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The tally

The Sports Tally provides an annual health check on sports that receive Australia’s Winning Edge
funding. This information has been derived from the Annual Sports Performance Review (ASPR)
process. Each sport’s high performance progress has been given an overall rating and commentary has
been included for high performance and governance. In addition, each sport’s performance has been
highlighted through the 2015 benchmark event target and actual results.
The overall high performance rating considers each sport against its annual benchmark event
performance, future potential and health of the sport’s high performance system. The sport-specifi c
information and evidence is provided and reviewed in collaboration with national sporting organisations
and the National Institute Network (NIN) through the:
>  high performance planning and reporting template
>  2015 benchmark event reports
>  2015 ASPR
>  2015 performance summary report.

The tally key


underperforming significantly below expectation; solutions to challenges not identified

underperforming

progressing evidence of improvement; solutions to challenges being implemented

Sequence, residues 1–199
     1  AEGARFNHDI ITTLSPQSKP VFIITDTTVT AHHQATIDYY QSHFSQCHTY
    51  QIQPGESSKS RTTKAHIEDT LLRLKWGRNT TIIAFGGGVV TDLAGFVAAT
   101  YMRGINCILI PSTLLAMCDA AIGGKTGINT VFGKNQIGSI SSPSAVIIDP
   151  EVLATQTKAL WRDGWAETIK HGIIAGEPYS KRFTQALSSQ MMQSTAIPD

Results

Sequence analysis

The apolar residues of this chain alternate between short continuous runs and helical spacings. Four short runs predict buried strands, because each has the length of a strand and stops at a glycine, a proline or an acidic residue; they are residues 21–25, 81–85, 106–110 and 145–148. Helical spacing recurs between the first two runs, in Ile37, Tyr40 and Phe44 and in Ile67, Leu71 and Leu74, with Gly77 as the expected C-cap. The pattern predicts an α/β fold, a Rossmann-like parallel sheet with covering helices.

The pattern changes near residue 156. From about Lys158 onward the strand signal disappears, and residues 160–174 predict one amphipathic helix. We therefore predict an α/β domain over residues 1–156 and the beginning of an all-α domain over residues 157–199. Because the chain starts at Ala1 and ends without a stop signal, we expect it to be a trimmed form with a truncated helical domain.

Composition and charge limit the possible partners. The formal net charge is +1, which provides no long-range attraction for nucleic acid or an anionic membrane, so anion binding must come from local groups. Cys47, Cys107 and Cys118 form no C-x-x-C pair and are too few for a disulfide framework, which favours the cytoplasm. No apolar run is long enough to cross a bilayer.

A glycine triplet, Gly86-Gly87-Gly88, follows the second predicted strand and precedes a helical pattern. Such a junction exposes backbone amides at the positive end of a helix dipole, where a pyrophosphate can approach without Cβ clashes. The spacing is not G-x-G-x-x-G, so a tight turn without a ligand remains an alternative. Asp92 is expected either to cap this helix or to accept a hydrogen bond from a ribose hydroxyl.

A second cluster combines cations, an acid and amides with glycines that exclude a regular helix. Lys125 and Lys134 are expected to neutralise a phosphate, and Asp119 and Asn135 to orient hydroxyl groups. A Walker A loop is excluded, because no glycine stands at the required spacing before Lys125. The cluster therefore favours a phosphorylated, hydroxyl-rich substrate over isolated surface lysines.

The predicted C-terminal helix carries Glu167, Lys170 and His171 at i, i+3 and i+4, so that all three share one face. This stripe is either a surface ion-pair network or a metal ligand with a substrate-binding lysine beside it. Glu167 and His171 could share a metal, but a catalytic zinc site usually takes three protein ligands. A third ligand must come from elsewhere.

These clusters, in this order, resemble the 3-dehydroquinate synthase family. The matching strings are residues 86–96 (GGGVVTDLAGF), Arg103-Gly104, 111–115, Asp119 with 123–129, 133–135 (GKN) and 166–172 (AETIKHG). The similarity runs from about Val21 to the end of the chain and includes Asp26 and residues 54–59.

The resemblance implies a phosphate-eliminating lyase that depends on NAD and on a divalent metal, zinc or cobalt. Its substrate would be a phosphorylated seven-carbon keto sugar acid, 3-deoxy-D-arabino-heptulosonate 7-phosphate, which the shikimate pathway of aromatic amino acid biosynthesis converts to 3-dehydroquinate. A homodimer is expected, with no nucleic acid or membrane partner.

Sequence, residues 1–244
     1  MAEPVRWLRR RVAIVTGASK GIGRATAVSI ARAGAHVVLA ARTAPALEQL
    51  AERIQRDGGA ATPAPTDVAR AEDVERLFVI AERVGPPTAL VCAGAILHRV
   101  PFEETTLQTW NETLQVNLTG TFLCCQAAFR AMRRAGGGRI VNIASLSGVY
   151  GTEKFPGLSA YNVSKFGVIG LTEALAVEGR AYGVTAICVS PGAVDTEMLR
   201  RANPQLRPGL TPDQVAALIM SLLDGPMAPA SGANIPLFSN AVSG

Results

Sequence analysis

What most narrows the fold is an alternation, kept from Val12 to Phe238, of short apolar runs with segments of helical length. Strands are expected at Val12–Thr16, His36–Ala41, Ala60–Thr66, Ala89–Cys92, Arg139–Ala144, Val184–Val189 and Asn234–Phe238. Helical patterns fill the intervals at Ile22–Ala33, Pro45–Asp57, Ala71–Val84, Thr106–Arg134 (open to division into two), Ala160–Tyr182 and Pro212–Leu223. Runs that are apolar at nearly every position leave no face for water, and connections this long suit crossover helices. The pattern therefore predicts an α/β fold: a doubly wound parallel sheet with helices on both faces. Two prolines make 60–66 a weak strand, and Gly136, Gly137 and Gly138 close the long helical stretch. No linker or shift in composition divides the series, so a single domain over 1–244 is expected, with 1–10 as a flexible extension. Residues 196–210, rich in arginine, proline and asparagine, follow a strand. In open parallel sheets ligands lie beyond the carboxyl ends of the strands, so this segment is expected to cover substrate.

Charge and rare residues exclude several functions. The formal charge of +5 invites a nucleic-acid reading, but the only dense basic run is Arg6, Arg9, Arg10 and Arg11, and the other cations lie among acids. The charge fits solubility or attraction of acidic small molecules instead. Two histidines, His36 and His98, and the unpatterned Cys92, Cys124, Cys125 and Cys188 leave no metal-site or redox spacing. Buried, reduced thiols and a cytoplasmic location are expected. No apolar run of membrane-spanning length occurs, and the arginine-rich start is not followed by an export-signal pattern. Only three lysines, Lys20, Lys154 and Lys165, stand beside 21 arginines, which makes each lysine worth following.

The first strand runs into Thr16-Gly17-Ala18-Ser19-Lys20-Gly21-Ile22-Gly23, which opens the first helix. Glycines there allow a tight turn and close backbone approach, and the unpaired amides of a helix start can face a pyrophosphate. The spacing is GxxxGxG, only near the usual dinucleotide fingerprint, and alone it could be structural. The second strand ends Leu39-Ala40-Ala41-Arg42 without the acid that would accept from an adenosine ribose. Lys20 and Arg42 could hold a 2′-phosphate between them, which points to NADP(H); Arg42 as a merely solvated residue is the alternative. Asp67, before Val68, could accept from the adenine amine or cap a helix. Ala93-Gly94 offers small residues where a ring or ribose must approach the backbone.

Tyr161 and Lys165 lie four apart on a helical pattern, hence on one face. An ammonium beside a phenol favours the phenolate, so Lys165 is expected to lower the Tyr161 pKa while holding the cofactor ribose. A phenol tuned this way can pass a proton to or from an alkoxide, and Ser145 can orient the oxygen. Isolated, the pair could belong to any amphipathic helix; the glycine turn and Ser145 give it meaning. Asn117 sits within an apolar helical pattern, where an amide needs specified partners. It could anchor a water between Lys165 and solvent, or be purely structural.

progresssing

on track working well across key areas; on target

on track

performing performing well in all areas; above target

performing

excelling exceptional performance; setting a standard for others to aspire

excelling

Comparison ranking - each sport will have a comparison ranking compared to the previous year (2013). This will provide an honest assessment of how each sport has performed over the year in comparison to the previous year.

Arrow up = up Arrow down = down Equal state = same

Investment - the total ASC Investment and the ASC funding as a percentage of total income has been outlined for each sport. The percentage is calculated as total ASC Investment 2014-15 divided by the national sporting organisation's total forecast revenue for their current financial year as at 31 December 2014.

Non-medal target - in all cases where no medal has been forecast or where the lower end of a medal range is zero, a non-medal target is agreed. For example, fourth place or a quarter final.

Y = yes   N = no

The sports

Archery

Total investment 2014–15: $628,000 (high performance: $600,800; participation: $27,200)

ASC funding as a percentage of total income: 49%